Insights into Spoken English

From A Textbook for ESL Students and Translators

The following brief Sample is from two longer downloadable SAMPLE documents (See http://briansteel.net/writings/spokenenglishsample, or …/samplechapter4insights.htm)

From Chapter 1: Ritual Spoken Units
[The beginning of the Chapter Introduction:]
The exercises in this chapter illustrate some of the most characteristic features of spoken language: ritual, or stereotyped, units (of varying lengths, but most often short) with specific dialogue purposes or functions. For the native speaker of English, these are units of speech which initiate dialogue or action, or offer a subjective response to the spoken or extra-linguistic context. Students of English as a Second Language (ESL) will already be aware of many of these ritual sentences (e.g. courtesy formulae for greeting, requesting and thanking, etc.) but others may be less familiar with them.

……………………………

From Exercise 1.4: Affirmative Responses and Reinforcements

These highly varied and, in colloquial usage, colourful ritual responses indicate agreement, confirmation or acceptance in the dialogue situation. Some affirmative units carry or may be given special emphasis. (For affirmative response patterns, see Exercise 2.2.)

Basic types of responses:
Yes. More informal: Yeah, Yep, Yup, Uh-huh. Aye (esp. in Scotland and Northern England)
OK
Of course

(Other typically positive reactions: Wonderful! Great! Terrific!, etc.)

[50 examples from English language novels and plays are given.]

From Exercise 1.6: Responses which Indicate Indifference, Lack of Importance, Resignation, Uncertainty or Lack of Knowledge

Basic: It doesn’t matter. / I don’t care. / Who cares? / What does it matter? / How do I know?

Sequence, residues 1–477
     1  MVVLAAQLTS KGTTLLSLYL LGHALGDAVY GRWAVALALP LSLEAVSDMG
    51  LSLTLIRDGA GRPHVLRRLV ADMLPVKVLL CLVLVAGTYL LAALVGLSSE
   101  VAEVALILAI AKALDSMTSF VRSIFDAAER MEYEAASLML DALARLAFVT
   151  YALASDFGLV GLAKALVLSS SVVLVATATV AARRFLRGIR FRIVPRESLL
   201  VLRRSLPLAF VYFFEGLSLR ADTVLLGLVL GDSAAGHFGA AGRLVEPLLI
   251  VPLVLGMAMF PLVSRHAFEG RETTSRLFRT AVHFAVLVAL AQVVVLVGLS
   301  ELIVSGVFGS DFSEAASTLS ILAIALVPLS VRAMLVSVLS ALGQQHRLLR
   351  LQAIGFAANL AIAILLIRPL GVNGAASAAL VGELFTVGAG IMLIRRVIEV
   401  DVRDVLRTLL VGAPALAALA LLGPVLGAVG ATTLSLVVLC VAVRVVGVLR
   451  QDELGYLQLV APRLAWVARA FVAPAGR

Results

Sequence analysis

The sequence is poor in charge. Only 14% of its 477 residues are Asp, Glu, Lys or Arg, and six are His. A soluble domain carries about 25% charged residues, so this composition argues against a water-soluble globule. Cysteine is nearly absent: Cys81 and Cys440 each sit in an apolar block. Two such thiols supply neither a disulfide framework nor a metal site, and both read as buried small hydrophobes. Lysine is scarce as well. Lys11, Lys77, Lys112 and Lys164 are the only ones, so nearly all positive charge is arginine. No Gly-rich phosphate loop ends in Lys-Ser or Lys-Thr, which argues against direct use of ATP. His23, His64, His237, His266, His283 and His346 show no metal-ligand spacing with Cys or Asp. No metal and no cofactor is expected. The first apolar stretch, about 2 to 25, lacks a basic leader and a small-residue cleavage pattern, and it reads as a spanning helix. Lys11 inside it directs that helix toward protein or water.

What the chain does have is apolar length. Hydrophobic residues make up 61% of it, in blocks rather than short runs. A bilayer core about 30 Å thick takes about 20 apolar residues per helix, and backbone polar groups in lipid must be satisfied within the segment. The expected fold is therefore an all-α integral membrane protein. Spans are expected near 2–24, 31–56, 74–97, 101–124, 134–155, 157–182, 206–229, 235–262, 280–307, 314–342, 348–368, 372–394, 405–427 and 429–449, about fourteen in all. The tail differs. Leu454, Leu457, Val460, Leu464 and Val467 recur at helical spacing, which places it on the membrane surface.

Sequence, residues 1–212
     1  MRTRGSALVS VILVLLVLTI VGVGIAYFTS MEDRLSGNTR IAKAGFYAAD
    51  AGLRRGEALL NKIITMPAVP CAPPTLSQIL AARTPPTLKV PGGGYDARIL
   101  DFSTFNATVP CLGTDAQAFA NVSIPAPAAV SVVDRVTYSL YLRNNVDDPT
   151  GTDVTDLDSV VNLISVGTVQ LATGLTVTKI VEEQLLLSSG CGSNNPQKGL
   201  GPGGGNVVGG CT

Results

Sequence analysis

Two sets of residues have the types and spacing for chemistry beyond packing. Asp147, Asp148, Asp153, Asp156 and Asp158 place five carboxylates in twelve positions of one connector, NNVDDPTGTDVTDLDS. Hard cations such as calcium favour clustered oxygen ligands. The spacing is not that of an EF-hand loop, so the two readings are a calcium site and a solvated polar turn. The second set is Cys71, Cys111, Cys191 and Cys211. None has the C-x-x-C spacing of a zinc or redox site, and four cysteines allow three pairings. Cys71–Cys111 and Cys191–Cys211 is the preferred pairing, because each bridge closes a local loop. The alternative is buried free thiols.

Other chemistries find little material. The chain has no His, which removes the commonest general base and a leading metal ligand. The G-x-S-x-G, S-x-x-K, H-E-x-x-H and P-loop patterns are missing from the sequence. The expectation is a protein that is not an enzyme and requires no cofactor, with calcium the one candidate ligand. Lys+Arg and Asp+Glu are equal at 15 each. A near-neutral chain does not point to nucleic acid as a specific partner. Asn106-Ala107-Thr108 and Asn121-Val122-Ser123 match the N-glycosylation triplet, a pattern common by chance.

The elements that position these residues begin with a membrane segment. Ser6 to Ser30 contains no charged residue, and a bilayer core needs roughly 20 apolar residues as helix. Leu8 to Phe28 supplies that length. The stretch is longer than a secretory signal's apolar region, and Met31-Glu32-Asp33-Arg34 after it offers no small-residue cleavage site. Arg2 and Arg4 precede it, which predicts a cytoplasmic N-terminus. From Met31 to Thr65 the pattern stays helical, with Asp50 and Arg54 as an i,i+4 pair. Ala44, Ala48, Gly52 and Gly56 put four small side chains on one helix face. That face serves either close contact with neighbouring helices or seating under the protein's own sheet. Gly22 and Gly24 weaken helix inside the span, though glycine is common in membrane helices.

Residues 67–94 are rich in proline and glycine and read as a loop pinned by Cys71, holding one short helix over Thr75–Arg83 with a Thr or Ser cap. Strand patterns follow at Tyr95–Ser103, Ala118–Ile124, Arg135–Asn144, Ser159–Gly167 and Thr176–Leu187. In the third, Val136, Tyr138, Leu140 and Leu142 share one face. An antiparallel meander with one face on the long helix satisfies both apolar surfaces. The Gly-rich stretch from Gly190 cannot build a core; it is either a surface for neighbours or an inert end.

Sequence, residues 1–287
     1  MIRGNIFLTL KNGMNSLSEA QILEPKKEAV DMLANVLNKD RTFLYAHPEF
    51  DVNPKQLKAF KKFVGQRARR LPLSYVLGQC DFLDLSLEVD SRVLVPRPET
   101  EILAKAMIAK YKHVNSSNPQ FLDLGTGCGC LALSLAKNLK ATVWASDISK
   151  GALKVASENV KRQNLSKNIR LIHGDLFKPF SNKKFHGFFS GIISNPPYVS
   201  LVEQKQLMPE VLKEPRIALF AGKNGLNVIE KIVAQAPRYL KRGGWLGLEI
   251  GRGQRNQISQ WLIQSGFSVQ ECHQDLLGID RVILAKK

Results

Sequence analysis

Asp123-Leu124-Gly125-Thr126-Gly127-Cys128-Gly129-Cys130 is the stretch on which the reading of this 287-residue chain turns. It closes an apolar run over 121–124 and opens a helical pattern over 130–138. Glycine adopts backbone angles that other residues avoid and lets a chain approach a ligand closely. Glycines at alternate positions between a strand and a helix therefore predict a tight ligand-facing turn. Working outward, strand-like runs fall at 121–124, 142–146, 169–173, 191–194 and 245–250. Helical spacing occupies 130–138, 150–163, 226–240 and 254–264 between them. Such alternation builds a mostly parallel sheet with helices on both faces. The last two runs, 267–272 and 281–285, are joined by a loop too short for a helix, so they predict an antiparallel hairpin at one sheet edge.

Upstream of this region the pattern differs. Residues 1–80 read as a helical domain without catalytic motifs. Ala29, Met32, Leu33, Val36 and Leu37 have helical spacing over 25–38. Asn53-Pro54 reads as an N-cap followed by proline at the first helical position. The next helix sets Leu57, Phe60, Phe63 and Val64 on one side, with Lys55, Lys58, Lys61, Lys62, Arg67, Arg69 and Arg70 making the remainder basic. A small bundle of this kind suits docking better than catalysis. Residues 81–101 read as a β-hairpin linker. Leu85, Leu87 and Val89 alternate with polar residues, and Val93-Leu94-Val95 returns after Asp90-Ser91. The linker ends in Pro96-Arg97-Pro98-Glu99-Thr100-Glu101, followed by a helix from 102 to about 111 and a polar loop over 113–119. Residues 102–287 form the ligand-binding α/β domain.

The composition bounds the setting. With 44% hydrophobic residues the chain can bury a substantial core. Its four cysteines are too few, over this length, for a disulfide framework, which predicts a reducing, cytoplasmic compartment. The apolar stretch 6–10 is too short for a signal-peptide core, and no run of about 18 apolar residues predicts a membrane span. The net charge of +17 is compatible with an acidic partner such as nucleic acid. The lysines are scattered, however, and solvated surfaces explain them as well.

……………………………
… [13 examples]

More aggressive:
14. ‘I haven’t eaten all day.’
‘Too bad.’
15. ‘I don’t believe you,’ Cathy said.
‘Tough,’ said Mort. (PC, 67) [The literary sources are given in abbreviated form, explained by the end Bibliography.]
16. People always think something’s all true. I don’t give a damn except that I get bored sometimes when people tell me to act my age. (JDS, 1958: l3)
17. ‘Anyway, this is one thing that can’t be blamed on Russia.’
‘It means the end of NATO.’
‘Good riddance.’ (EW, 1957: 97)
18. ‘Fifteen pounds a week? … Oh well, all right, But I shall have to pay three pounds out of my own pocket.’
‘A fat lot I care.’ (WSM, Theatre, 34)
19. ‘He believes that? He believes the Mafia would want to kill the President?’
‘What the hell, that’s their business, isn’t it?’ (RC, 1974: 120)
20. ‘They waste your time, these ridiculous celebrity hunters, and they sap your vitality.’
‘Let them!’ I’ve got lots of time and lots of vitality.’ (NC, 374)
…… [ + 11 more examples]

………………

Chapter 2: Expressive Sentence Patterns

[Excerpt from the Introduction]
Given the range of functions covered and the peculiar syntactical or semantic characteristics, the patterns have been grouped partly according to their form and partly according to their content, in the following Exercises: